industry

World's largest oil firm agrees to carbon cuts to tackle climate crisis


The world’s biggest oil company, Saudi Aramco, has joined an alliance of oil companies to set the first industry-wide target to help tackle the climate crisis by setting carbon emissions goals.

Saudi Arabia’s state oil giant has agreed to reduce the carbon intensity of its business as part of the Oil and Gas Climate Initiative (OGCI) which includes Shell, BP and ExxonMobil.

The industry-funded alliance has pledged to reduce the carbon intensity of their fossil fuel production by between 20 and 21kg of carbon dioxide per barrel of crude by 2025, or 13% below 2017 levels.

To meet this target oil companies will need to reduce the methane emissions that leak from oil and gas projects, cut gas flaring, invest in carbon capture technology or even run their oil rigs using renewable energy.

In a joint statement, the chief executives of the OGCI’s member companies said: “Together we are increasing the speed, scale, and impact of our actions to address climate change, as the world aims for net zero emissions as early as possible.”

Climate experts have warned fresh “intensity targets” are no replacement for a commitment to reduce carbon emissions on an absolute basis by producing less oil and gas.

The industry alliance was set up in 2014 by the chief executives of oil companies responsible for almost a third of the world’s oil production. It has angered climate campaigners in the past for “greenwashing” its activities, which are dwarfed by the scale of members’ contribution to the climate crisis.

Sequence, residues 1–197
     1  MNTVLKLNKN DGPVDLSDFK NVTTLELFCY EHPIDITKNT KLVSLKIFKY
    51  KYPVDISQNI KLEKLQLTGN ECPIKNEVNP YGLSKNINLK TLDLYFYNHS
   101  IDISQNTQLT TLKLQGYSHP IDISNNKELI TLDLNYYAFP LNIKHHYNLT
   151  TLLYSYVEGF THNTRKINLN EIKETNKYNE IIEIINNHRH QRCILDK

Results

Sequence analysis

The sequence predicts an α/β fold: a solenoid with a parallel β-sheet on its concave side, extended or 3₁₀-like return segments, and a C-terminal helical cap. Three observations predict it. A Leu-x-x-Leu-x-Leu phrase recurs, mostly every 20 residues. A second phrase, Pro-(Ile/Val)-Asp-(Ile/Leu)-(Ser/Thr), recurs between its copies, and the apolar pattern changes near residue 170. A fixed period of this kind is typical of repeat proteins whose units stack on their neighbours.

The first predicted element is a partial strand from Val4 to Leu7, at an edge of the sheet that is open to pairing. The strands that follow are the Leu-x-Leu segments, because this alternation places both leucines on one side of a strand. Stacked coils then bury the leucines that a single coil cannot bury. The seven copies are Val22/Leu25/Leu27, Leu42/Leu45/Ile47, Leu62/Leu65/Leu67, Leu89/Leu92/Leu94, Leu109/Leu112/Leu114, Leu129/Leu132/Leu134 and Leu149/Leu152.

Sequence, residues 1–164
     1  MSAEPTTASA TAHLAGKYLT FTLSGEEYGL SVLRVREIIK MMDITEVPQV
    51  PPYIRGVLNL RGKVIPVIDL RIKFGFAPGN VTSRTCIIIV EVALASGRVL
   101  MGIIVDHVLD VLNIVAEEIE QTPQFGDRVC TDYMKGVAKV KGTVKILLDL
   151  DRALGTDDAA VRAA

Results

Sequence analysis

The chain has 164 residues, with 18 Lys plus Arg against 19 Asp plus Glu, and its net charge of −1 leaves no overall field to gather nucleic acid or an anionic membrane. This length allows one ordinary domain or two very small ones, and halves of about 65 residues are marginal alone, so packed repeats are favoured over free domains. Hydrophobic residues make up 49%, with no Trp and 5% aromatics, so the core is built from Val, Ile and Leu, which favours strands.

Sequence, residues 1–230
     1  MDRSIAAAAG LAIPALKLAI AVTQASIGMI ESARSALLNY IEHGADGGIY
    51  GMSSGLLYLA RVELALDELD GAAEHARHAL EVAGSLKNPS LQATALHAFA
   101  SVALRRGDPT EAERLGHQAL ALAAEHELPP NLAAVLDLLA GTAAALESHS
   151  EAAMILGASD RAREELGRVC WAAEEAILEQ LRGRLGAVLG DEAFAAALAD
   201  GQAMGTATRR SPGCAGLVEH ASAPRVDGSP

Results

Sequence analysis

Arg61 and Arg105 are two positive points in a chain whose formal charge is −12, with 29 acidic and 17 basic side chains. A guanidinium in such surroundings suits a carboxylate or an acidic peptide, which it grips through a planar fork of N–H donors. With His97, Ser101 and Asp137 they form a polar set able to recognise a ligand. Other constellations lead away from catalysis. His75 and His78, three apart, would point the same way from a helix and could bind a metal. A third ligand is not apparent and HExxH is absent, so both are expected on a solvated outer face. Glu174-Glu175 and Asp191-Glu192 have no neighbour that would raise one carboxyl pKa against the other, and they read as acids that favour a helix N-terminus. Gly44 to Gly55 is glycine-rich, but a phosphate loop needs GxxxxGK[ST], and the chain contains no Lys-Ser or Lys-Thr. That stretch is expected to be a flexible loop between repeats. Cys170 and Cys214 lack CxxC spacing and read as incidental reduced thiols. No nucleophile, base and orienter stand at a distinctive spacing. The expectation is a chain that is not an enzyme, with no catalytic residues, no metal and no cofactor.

Mark Campanale, the founder and executive director of Carbon Tracker, said: “We welcome attempts to reduce emissions, for example flaring and methane leakage. But the initiative cannot, however, ignore the real and glaring issue facing its members, namely commitments for absolute reductions in emissions.”

An intensity target means a company must reduce its emissions on a per-barrel basis but it does not cap the amount of oil that can be produced, so a company could still increase its contribution to the climate crisis even while meeting a carbon intensity goal.

Campanale called on the OGCI to undertake “the serious accounting work necessary for writing down fossil fuel assets” and begin a “real discussion, with the clear urgency the climate crisis demands”.

The OGCI’s full membership includes: BP, Chevron, China’s CNPC, Italy’s Eni, Equinor, ExxonMobil, Occidental Petroleum, Petrobras, Repsol, Saudi Aramco, Shell and Total.



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